We know very little about Thomas Haywood, private in the Royal Irish Regiment, except that his officers felt he was a good soldier who made a mistake. Haywood enlisted at some point prior to embarking with the 18th Foot in May 1767 for America. He arrived at Philadelphia in July 1767 and after being detained on board ship with his fellows so the local magistrates could ensure there was no sickness on Board, the regiment disembarked and he stepped onto colonial soil. He was assigned to Major Folliott’s Company, but transferred to Captain Stainforth’s Company in April 1768. It was a lucky transfer for him, for his old company was ordered to the western outposts. Haywood was able to retain a comfortable position in the North Barracks at Philadelphia.
Haywood, however, didn’t appreciate his luck. On 13 September 1768 he left military service without permission. What he did during the next three years has been lost to history, but at some point, Haywood determined to return to the service. The returns of the 18th Foot show his return from desertion on 28 November 1771. There was no general pardon in place at the time, so his return (or capture) put him at risk of punishment. The question for the regiment was what to do with him. Desertion was a capital crime for which other men in the regiment had been shot in 1768. Without a field officer of the 18th present at Philadelphia, newly promoted Captain Benjamin Chapman had to make a decision. So, he wrote to General Thomas Gage, commander in chief of the British army in America, for advice. In a letter dated 4 December 1771 Gage outlined three courses of action available to Chapman based upon the character of the deserter:
Haywood’s Character must determine whether it will be necessary to Assemble a Gen. Court Martial to try him, or whether a Regimental One won’t answer the same purpose, if he is a very notorious Offender & a proper object for an Example, he should be brought before the former, if not, you’ll try him by a Regimental Court Martial, or if you think he will desert again, promise him a Pardon in Case he Lists into any of the West Indian Regiments.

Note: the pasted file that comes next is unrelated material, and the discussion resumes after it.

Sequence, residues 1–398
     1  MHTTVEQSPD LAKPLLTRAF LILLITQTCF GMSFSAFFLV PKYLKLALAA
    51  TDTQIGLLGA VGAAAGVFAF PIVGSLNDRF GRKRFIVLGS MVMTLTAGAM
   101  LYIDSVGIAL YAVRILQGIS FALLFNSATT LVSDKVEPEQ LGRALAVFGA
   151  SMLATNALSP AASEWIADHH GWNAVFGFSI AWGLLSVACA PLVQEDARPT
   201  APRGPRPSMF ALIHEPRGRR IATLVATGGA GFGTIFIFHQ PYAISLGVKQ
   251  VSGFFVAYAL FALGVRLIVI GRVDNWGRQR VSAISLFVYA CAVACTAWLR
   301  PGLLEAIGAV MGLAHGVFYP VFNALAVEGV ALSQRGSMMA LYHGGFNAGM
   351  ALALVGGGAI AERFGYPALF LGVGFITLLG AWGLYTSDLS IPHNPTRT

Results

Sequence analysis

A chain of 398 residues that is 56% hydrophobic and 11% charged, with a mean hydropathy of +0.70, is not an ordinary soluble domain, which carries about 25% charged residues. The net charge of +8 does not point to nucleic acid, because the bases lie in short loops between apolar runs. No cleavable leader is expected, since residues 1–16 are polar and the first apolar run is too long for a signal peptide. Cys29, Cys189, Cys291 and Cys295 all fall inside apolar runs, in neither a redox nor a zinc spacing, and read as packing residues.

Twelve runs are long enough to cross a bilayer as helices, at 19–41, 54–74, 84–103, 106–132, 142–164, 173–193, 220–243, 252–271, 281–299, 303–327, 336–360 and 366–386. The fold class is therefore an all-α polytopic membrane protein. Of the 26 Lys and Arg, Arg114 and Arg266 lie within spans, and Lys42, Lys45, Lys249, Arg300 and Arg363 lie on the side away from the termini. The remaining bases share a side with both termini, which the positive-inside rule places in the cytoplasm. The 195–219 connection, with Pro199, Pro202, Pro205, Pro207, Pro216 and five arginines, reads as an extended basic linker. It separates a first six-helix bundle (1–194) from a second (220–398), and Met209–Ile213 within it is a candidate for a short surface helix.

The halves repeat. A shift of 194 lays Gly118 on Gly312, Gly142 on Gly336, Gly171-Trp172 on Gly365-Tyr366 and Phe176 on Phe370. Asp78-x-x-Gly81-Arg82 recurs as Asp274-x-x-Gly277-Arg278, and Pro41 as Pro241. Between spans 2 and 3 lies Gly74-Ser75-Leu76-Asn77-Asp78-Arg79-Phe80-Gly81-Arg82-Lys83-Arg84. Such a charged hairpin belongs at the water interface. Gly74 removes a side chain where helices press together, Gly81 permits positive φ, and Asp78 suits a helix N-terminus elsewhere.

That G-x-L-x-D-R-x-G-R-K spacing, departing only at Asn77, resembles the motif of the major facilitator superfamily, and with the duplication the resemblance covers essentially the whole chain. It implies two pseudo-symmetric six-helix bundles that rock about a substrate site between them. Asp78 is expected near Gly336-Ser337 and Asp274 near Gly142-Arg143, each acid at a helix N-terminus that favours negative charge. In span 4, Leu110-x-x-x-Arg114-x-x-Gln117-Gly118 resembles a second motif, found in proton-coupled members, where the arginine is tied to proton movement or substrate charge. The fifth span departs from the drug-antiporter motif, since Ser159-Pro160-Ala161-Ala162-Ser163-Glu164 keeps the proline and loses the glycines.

In the end, Haywood remained with the regiment, so he must have been considered both salvageable and no longer a desertion risk. No record of his regimental court martial has been found or of his punishment. A regimental court could have pronounced a sentence of up to 1000 lashes; if such was the sentence, it may have been reduced, as was often the case in the 18th Foot.
Haywood remained at Philadelphia with Major Hamilton’s Company until late 1774. At that point, he marched with the regiment to Amboy. In the late fall, Haywood was in the barracks at New York City, where rebels were making strong enticements to get soldiers to desert. Haywood had apparently learned his lesson and remained steadfast. On 6 June 1775, Haywood embarked upon the HMS Asia in New York Harbor with the other 100 or some men remaining at New York. The log of the Asia shows him discharged that ship to the transport Pallas on 24 June 1775 for the trip to Boston. That he spent time on the Asia indicates that he most likely had no wife or children with him since those soldiers with families were put onto Governor’s Island to be with their families as they awaited transport.
Haywood arrived in Boston in June 1775 and continued to serve with the Major’s company through December. The soldiers of the 18th Regiment of Foot were drafted into other corps on 5 December 1775; Haywoord went into Captain Dayrell’s Company of the 52nd Regiment of Foot, ending his career in the Royal Irish. With the 52nd, he was listed as sick on 12 July 1776 at Staten Island. Haywood fought through the Long Island Campaign with the 52nd, and was present at Piscataway in May 1777, on Staten Island again on 8 August 1777, and at New York on 26 December 1777. Haywood was posted at King’s Bridge on 27 June 1778. Like the 18th before it, the 52nd was drafted in September 1778, and Haywood went into the 49th Regiment of Foot bound for service in the West Indies. In February 1779, he was present with the 49th at Wakefield in the West Indies. His further service record is currently unknown, but most likely he perished in the West Indies.